The news of her sinking was very welcome. Just a week before, the German Pacific fleet had won a major victory against the Royal Navy at the Battle of Coronel, off the coast of Chile - the Royal Navy's first defeat in more than a century. A month passed before the situation was redeemed with complete defeat of the same German fleet in the Battle of the Falkland Islands.
That battle brought the naval war in the Pacific to a close. The formidable German naval squadron in the Pacific had been sunk. The mere presence of the battlecruiser Australia had deterred attacks on the east coast of Australia. All German possessions in the Pacific – notably Qingdao, Nauru, German New Guinea and Samoa – were under Allied jurisdiction.
The Governor-General, Sir Ronald Munro-Ferguson, informed London of the "great rejoicings in Sydney and all over Australia on the sinking of the Emden".
But, reflecting on the Battle of Coronel, he commented on the "long bungle in the Pacific", which he attributed to the "remoteness of Admiralty control".
In his account of Emden's destruction, First Victory, Mike Carlton movingly describes the rescue operations which commenced once Emden had formally surrendered.
Captain Mueller did not seek any special privileges but Sydney's officers respectfully welcomed him aboard. In Carlton's account, "To the shrill of a bosun's call, Glossop and the officers came to attention and saluted their beaten foe ... von Mueller gravely returned the salute ... Glossop took him gently by the arm and led him below to his cabin, where a meal had been prepared."
Mueller was eventually transferred to Orvieto, the headquarters ship in the troop convoy. The commander of the Australian Imperial Force, General William Bridges, observed only minimal courtesy. Charles Bean wrote: "The two might have been in different ships."
Occasionally a member of Bridges' staff dined with him: Lieutenant Richard Casey. Casey considered him "a fine person ... a gallant gentleman".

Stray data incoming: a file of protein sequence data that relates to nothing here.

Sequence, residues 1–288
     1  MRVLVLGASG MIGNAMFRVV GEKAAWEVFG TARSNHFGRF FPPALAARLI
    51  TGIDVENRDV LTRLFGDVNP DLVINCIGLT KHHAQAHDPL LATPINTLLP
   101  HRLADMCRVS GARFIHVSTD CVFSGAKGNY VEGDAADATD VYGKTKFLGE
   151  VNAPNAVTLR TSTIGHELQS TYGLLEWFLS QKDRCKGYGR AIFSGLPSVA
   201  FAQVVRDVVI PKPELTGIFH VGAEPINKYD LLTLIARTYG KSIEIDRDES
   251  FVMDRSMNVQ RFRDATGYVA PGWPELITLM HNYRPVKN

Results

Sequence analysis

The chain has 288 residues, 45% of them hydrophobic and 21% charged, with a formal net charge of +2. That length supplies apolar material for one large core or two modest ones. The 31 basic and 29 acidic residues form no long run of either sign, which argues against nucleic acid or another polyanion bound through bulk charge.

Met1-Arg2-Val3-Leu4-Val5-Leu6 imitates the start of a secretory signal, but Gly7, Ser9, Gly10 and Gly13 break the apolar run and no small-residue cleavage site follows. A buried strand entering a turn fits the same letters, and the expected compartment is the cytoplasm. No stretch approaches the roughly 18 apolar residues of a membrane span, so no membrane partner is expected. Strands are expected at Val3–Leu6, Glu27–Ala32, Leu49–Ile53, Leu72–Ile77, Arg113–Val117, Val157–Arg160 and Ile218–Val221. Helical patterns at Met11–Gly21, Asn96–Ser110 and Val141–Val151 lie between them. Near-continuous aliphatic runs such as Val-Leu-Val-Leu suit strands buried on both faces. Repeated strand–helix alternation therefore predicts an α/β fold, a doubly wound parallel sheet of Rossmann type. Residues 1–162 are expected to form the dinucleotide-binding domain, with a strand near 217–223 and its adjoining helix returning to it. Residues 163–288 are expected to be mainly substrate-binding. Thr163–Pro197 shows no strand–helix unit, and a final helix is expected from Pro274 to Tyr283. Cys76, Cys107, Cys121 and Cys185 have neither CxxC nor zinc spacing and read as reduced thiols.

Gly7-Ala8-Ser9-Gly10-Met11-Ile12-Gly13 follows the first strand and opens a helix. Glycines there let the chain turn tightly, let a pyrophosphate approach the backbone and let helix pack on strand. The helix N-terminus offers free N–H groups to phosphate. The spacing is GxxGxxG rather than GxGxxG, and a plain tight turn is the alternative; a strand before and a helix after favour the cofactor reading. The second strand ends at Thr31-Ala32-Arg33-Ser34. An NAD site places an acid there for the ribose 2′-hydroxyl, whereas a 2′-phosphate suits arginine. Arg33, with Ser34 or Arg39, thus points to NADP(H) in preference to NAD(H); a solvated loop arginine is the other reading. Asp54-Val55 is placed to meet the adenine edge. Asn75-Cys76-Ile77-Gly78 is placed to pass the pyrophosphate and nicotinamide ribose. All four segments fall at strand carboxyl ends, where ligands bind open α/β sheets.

Mueller told Casey how he would have attacked the convoy had he had the opportunity: "I would have run alongside [an accompanying cruiser] and fired a torpedo ... in the confusion, I should have got among the transports ... I would have sunk half of them ... I should have been sunk in the end ... I always expected that."
After some shabby treatment as a prisoner of war in Britain, he returned to Germany. Briefly active in local politics, he died in 1923.
Destruction of Emden and capture of its survivors was only one ending of the story.
When Sydney arrived at Cocos, the landing party under Emden's second-in-command, Hellmuth von Mucke, was ashore destroying the radio and other communications equipment. Unable to return to Emden, the party commandeered a schooner, Ayesha, and sailed north for the Dutch East Indies.
From thence, in a commandeered freighter, it sailed to Arabia then travelled largely overland to Constantinople, finally reaching Germany nearly eight months after leaving Cocos.
It demonstrated the quality, stamina and character of Emden's crew. This was recognised at the time when, within a few days of the battle, Churchill telegraphed that surviving officers of Emden would not be required to surrender their swords.
J. R. Nethercote, adjunct professor, Canberra campus, Australian Catholic University.